Everett’s afterschool programming is overseen by Manager of Extended Learning Amanda Hoover.
The EPS is also pleased to announce that it is offering a significant tuition discount to qualified educators to enroll in the Educational Leadership Program at Salem State University. This program, which is 100-percent online, supports candidates through coursework and guided fieldwork aligned with the Massachusetts requirements for principal/assistant principal licensure.
Thanks to the partnership with Salem State, Everett educators can complete the course at a reduction of more than $8,000.
“Thanks to our Director of Remote Learning and Instruction, Anne Auger, for working so hard to create opportunities for career development and professional growth,” said Superintendent of Schools Priya Tahiliani. “The EPS has made huge strides over the past year in expanding the assistance and offerings we extend to our educators.”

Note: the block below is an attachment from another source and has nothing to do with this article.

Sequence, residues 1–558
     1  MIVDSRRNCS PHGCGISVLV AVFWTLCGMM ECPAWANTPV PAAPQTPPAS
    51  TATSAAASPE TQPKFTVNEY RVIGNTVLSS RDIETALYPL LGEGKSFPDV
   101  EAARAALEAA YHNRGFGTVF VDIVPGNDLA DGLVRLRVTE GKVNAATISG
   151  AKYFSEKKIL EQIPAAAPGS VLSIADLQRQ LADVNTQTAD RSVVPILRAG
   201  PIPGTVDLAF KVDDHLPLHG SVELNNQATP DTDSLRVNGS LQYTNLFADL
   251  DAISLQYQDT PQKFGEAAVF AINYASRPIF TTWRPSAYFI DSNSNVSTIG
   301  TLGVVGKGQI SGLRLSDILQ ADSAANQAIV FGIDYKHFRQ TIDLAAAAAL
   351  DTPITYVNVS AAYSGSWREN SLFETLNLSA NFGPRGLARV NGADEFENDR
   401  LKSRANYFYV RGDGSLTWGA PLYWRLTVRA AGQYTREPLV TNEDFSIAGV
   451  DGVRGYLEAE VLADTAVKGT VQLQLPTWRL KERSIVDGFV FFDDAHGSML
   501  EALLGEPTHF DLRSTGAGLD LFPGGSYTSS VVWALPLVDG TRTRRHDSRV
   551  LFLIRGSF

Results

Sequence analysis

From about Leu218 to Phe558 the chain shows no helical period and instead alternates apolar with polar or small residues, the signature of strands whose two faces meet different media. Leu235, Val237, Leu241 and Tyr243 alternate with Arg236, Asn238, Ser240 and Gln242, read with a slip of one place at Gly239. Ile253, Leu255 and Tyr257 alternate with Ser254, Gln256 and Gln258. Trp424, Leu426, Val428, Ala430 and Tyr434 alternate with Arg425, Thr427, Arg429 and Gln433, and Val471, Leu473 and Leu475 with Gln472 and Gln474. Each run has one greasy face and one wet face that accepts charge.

The Verdict is Victory
The Everett High School mock trial team won the first of its three first-round competitions as part of a massive statewide competition administered by the Massachusetts Bar Association.
This year, 96 public and private schools, divided into 16 regions, are taking part in the tournament. Each team participates in three trials, virtually, with the winners of each region advancing to the next round of the tournament. In the first event of the season, EHS students assumed the role of the prosecutor in our trial against the MacDuffie School but will be representing the defendant in our next two trials.
The EHS team is led by advisor and history teacher Carolyn MacWilliam.
The Massachusetts Bar Association’s Mock Trial Program offers high school students across the Commonwealth the opportunity to test their skills as lawyers and witnesses in a simulated courtroom competition. Participants learn about the fundamentals of the American judicial system and how it can impact their lives.